"You've got physical space. Stop thinking of it as a place for products, think of it as a space for your customers," said Eisenberg of Buyer Legends.
Summer Stout is a co-leader of a Salt Lake City-based women's running club called Sole Sisters, which regularly partners with activewear brand Athleta to host community runs and workout classes. On Oct. 27, a group of nearly 20 participants gathered to go for a run and then cool down with yoga at the Athleta store in City Creek Center.
Attendees of such events are sometimes offered discounts or exclusive shopping opportunities. According to Stout, Sole Sisters' partnership with Athleta has fostered brand loyalty among the running club's members and given the brand more visibility in the community.
At the Oct. 27 event "almost every single person was in head-to-toe Athleta. We’re like a running advertisement for them," said Stout, who has personally become more committed to the brand as she's learned how much the company values body positivity and women being active regardless of their size, shape or ability. "They realize if they’re supportive of the women’s ahtletic community, people are going to stick with their brand."
While some brands will combine services with products, others are choosing not to sell products at all at certain stores. Nordstrom Local isn't anything like the multi-floored department store you're used to. For one thing, you can't buy clothes there. At these smaller, urban locations, you'll find tailoring services, formalwear rentals and professional styling. You can also pick up or return items you bought online.
"It takes the friction out of online shopping and creates a community hub," said Bridget Johns from RetailNext of the Nordstrom Local concept.
Samsung's flagship store in New York City doesn't sell anything, either. It's a place to play video games on new laptops, experience a Samsung Smart Home and ski or surf in virtual reality. "It's all showing how their technology works and to immerse you in what is possible with their products," said Gonzalez.
Eisenberg emphasized the importance of letting customers interact with products.
"Typically, you'll go to a store and all the products will be in boxes. Most places do a terrible job of providing engagement with products and showing how they work," he said.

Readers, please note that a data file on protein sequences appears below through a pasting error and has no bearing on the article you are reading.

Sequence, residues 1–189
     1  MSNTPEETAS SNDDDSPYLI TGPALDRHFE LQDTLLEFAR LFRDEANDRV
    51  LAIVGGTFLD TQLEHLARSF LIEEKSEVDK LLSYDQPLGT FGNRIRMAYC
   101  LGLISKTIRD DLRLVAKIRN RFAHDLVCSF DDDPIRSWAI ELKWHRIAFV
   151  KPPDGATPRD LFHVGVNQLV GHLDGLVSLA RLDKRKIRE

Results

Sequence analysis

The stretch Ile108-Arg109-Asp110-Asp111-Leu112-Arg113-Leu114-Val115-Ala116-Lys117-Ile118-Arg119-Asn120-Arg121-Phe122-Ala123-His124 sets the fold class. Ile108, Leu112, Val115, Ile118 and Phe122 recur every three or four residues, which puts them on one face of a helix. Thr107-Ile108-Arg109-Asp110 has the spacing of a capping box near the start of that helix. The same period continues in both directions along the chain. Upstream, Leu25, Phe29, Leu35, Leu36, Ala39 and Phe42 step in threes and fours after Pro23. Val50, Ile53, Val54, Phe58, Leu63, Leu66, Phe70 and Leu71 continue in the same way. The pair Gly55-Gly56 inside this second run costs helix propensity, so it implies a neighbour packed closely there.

Johns said Toys R Us, which filed for bankruptcy last year, missed an opportunity to create an interactive experience in their stores and better connect with consumers.
"Find a local Lego expert to do workshops or create an area that's all about play and exploration," said Johns. "I don't think it would have been that hard."
Anything for 'the Gram'
Magnolia Market, created by Chip and Joanna Gaines from HGTV's "Fixer Upper," has turned the college town of Waco, Texas, into a shopping destination, according to Eisenberg. So much so that his 17-year-old daughter would drive an hour and half just to spend a day there, hanging out at the the home goods store, bakery and garden shop.
In addition to selling decorative items and apparel, Magnolia Market has food trucks and lawn games. The shopping complex was once the historical Brazos Valley Cotton Oil Company and the two 120-feet tall silos create a particularly "Instagrammable" backdrop, said Eisenberg.
"It's a stylized thing they've planned to really engage you in the experience," said Eisenberg. "They've incorporated little details so you want to take a picture of the green truck with their logo or the trendy whitewash wall and put it on social media."
Gonzalez calls it "retail-tainment."
"Social currency is so important to everybody. Everyone wants a great selfie backdrop," she said.
That's why the pop-up store her company created for the Norwegian cheese company Jarlsberg in New York City has a cheese tire swing with a background showing a countryside with cows, as well as large photos featuring a "cheese influencer" and the elaborate cheese platters she creates.
But Johns, who didn't grow up with social media, isn't sure the Instragram trend will last.
"People are fickle and become anesthetized to fads like that pretty quickly. It will have an important place in time but (I) don't know (if) it will be the gold standard for the rest of our lives," she said.
The general principle of using design to create a space that is engaging and makes people want to spend time there is timeless though. Dennis explained the reason interior decoration is so important in retail comes down to the difference between buying and shopping.
"Buying is when you are on a mission — convenience, selection and price are going to be very important," said Dennis. "Shopping is more experiential. There's more discovery, it may be more social."
While e-commerce is good for buying — making a logical purchasing decision — brick and mortar stores are best for shopping, which is a more emotional process, Dennis said.
Despite the rapidly changing retail landscape, experts agree physical stores aren't at risk of disappearing.
When it comes to acquiring new customers, Google and Facebook advertising tools have become so cost prohibitive that opening a store is often the most effective way to get a brand in front new eyeballs, according to Johns. For one of her clients, opening a new store was a third of the cost of online advertising tools that would result in the same number of new customers. And people who buy in person rather than online are more likely to come back to the store, experts said.
Despite that advantage, retailers still have to work hard and be creative to compete with e-commerce long-term.
"The threat is real. However, people buy from people they relate to, when they align with their brand and personality," said Eisenberg, "People love to buy local and that's not going to go away."